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Keywords

Developing countries, First aid, Maternal mortality, Postpartum hemorrhage, Shock, Uterine inertia.

 

Authors

  1. Kausar, Farah PhD, MSc
  2. Morris, Jessica L MA
  3. Fathalla, Mohamed MD
  4. Ojengbede, Oladosu MBBS, FMCOG, FWACS, FICS
  5. Fabamwo, Adetokunbo MD
  6. Mourad-Youssif, Mohammed MD, MRCOG
  7. Morhason-Bello, Imran O MBBS, MSc
  8. Galadanci, Hadiza MBBS, MSc, DLSTM&H, FWACS, MRCOG, FICS
  9. Nsima, David MBBCh
  10. Butrick, Elizabeth MSW, MPH
  11. Miller, Suellen CNM, PhD

Abstract

Purpose: To discuss the role of nurses and nurse-midwives in preventing and treating postpartum hemorrhage (PPH) from uterine atony in developing countries and examine the role of a new device, the Non-pneumatic Anti-Shock Garment (NASG), in improving the outcomes for these patients.

 

Study Design and Methods: In this subanalysis of a larger preintervention phase/intervention phase study of 1,442 women with obstetric hemorrhage, postpartum women with hypovolemic shock (N = 578) from uterine atony (>=750 mL blood loss; systolic blood pressure <100 mmHg and/or pulse >100 beats per minute) were enrolled in two referral facilities in Egypt and four referral facilities in Nigeria. The study had two temporal phases: a preintervention phase and an NASG-intervention phase. Women with hemorrhage and shock in both phases were treated with the same evidence-based protocols for management of hypovolemic shock and hemorrhage, but women in the NASG-intervention phase also received the NASG. Relative risks (RRs) with 95% confidence intervals (CIs) were estimated for primary outcomes-measured blood loss, incidence of emergency hysterectomy, and mortality.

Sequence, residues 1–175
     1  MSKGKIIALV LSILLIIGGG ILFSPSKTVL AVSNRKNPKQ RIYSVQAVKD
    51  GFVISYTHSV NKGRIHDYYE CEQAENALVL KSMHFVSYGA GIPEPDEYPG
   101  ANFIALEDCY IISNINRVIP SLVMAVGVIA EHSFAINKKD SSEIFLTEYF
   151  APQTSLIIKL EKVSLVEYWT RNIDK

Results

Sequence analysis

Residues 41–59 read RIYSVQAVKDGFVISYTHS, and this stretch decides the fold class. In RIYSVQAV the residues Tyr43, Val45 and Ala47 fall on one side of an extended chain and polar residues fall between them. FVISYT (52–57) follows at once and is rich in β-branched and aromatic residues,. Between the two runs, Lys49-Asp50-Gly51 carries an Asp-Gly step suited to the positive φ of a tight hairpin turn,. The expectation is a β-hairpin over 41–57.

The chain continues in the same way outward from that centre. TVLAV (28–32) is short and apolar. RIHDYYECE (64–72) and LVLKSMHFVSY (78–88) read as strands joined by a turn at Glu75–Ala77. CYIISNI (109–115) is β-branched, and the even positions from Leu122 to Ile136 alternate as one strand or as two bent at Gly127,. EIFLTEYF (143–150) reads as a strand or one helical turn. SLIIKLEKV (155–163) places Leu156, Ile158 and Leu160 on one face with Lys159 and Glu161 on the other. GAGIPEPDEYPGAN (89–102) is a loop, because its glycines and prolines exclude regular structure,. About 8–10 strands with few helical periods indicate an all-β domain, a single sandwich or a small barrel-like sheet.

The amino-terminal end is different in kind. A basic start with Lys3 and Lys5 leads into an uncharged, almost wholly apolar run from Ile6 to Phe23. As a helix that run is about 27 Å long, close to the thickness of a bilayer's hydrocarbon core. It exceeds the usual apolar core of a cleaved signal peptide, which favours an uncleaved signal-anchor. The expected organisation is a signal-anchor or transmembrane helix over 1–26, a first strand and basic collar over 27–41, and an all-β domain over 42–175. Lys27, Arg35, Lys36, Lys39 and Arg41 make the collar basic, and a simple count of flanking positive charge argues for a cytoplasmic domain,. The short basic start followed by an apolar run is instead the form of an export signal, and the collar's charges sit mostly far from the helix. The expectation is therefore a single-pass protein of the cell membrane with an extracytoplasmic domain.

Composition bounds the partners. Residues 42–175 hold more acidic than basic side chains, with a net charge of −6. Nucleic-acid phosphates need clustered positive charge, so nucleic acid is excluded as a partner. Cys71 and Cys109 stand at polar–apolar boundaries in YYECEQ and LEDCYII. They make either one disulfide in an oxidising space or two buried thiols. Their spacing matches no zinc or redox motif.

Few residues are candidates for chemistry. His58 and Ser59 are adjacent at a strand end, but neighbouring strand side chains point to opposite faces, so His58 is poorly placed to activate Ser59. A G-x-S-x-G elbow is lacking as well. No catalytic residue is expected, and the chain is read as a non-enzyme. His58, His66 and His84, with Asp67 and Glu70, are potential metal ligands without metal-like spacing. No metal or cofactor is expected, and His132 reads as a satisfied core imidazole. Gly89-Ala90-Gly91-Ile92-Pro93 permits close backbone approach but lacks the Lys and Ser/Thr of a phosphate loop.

Results: Women in the NASG-intervention phase had significantly better outcomes, 50% lower blood loss, reduced rates of hysterectomy (8.9% vs. 4%), and mortality decreased from 8.5% to 2.3% (RR = 0.27, 95% CI: 0.12-0.60).

 

Clinical Implications: In low-resource settings nurses have few resources with which to stabilize women with severe PPH. With training nurses and nurse-midwives can stabilize hemorrhaging women with the NASG, a low-technology first-aid device that shows promise for reducing blood loss, rates of hysterectomy, and mortality.